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TAHOMA’S BIGGEST STORIES
January 5 @ 7:00 pm - 8:30 pm
With the author of Tahoma and Its People: A Natural History of Mount Rainier National Park
Part of the Olympia Mountaineers Adventure Speaker Series.
Location: Friends Meeting Hall in north Olympia near Priest Point Park
Jeff Antonelis-Lapp, Evergreen emeritus faculty member and author, will share insights on the unique natural and environmental history of Mount Rainier, drawn from his recent book, Tahoma and Its People: A Natural History of Mount Rainier National Park.
Free and open to the public, the lecture will take place at the historic Lord Mansion, in the South Capitol neighborhood, whose stewardship was transferred by the Washington State Legislature to Evergreen in 2018.
A passionate science educator presents a natural and environmental history of Mount Rainier National Park and the surrounding region. Jeff Antonelis-Lapp explores geologic processes, plant and animal communities, weather and climate influences, and what linked the iconic mountain with the people who traveled to it. He intersperses his own direct observation and study of organisms, as well as personal interactions with other experts. Topics include geology, archaeology, indigenous villages and use of resources, climate and glacier studies, alpine and forest ecology, rivers, watershed dynamics, keystone species, threatened wildlife, geological hazards, and current resource management.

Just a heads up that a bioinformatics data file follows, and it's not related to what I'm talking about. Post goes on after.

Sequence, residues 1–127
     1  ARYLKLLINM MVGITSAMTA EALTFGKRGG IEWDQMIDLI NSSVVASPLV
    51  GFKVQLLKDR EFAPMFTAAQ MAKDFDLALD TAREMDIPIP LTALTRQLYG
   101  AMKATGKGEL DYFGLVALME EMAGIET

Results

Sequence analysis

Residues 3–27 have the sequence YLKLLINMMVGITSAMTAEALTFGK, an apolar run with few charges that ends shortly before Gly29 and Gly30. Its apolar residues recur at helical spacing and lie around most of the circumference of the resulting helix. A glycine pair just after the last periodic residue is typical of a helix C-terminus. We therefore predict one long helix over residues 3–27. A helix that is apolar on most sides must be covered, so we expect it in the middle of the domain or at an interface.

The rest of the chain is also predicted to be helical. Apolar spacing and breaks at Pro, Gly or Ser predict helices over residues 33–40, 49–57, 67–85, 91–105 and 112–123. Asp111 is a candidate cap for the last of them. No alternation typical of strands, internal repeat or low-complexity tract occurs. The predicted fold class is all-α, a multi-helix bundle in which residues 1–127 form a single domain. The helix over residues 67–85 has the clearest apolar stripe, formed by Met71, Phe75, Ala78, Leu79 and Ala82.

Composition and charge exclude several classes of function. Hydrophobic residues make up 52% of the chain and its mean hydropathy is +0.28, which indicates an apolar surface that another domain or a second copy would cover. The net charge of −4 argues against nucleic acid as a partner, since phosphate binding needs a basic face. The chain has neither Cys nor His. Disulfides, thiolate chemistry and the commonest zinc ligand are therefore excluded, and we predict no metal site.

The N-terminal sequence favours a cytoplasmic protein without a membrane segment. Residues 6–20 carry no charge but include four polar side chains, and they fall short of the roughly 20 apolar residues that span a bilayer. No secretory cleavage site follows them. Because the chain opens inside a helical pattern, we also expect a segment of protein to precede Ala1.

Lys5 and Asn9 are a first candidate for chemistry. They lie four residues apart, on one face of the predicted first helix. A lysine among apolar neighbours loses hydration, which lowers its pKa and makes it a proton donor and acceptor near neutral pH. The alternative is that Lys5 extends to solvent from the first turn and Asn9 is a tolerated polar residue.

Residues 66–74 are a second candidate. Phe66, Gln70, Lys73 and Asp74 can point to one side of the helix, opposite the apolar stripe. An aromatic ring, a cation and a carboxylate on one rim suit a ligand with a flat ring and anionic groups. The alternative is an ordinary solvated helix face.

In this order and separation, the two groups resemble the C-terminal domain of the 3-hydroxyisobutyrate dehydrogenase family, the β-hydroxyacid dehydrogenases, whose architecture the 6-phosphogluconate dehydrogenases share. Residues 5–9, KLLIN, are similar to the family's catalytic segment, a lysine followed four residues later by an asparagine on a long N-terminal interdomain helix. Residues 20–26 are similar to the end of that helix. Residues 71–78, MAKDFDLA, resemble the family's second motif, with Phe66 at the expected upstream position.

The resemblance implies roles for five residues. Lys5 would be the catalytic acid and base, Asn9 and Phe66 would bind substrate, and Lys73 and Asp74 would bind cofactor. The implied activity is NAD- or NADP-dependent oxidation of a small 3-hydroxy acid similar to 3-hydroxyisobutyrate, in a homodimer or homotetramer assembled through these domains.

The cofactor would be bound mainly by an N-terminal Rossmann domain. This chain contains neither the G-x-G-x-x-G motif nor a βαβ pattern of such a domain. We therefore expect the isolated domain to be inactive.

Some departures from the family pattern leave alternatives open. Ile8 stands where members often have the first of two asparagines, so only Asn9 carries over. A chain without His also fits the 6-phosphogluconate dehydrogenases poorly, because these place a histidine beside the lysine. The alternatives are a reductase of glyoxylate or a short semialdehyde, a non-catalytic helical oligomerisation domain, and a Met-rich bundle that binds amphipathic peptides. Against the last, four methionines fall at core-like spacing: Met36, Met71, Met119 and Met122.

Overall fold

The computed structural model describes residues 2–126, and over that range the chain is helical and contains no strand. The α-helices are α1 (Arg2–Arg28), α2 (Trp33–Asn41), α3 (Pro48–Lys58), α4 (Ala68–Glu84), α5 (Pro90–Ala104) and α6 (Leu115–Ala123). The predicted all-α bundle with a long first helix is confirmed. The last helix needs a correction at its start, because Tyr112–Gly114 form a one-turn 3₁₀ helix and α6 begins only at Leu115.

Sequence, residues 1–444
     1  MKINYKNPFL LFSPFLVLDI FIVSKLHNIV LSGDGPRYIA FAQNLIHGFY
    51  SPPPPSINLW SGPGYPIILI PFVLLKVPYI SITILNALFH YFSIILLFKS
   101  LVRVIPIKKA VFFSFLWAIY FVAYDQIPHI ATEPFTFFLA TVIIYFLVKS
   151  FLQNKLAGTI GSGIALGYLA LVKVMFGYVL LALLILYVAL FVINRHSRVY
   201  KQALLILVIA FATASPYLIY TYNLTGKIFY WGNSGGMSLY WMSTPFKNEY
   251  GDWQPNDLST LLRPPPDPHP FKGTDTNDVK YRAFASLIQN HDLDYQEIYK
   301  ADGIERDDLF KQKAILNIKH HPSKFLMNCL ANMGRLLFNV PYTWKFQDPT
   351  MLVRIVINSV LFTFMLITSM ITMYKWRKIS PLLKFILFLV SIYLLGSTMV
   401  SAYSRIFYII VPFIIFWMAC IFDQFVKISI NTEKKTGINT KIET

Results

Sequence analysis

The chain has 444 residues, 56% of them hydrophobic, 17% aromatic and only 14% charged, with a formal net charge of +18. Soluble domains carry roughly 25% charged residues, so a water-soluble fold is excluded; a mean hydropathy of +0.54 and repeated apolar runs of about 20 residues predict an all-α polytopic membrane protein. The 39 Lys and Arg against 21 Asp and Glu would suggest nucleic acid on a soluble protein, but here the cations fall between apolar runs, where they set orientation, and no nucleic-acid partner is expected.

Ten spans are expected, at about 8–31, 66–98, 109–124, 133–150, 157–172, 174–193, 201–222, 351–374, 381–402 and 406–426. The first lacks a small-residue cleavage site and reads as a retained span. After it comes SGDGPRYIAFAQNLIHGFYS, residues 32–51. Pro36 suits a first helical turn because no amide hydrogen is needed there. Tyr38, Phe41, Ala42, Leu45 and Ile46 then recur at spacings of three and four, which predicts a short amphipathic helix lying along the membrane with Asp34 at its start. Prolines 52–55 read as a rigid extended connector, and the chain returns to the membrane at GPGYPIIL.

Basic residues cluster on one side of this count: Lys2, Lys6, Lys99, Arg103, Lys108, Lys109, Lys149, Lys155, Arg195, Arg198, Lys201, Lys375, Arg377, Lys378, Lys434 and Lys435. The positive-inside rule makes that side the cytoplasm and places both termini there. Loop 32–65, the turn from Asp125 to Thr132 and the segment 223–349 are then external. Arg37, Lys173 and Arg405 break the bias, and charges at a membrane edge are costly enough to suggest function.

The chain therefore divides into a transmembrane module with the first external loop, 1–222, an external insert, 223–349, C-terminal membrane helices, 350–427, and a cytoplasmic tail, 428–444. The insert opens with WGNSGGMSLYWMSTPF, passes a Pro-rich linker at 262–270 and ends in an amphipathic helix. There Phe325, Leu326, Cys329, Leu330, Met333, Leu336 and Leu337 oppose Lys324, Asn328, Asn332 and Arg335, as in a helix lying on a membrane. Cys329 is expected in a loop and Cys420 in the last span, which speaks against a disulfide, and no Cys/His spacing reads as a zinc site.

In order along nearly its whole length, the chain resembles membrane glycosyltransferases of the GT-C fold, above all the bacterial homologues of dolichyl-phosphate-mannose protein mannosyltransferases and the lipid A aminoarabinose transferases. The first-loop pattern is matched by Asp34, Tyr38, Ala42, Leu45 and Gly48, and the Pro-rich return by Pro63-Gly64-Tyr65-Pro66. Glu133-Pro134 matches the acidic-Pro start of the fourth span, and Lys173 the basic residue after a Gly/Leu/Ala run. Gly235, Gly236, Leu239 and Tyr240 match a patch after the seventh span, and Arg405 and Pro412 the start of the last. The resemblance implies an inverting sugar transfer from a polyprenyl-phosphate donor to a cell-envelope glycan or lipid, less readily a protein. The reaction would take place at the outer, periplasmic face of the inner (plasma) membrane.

Jeff Antonelis-Lapp holds an M.Ed. in science education from the University of Washington.
“The mountain has many secrets…Antonelis-Lapp parts the mists for us to better see the history, legend, and nature of Tahoma.”— Jonathan B. Jarvis, Mount Rainier National Park Superintendent 1999-2002, 18th Director of the National Park Service
” Antonelis-Lapp illuminates scientists’ work with excellent first-hand reporting… and he brings back stories that will change the way we think about our mountain and our earth.”—Tim McNulty, author of Mount Rainier National Park, and Olympic National Park, A Natural History
“A masterful natural history that includes an accurate and respectful rendering of the long-standing relationship of Indian people to Mount Rainier or, as my ancestors knew it, Taqó·bid.”—Donny Stevenson, Tribal Council Vice-Chair, Muckleshoot Indian Tribe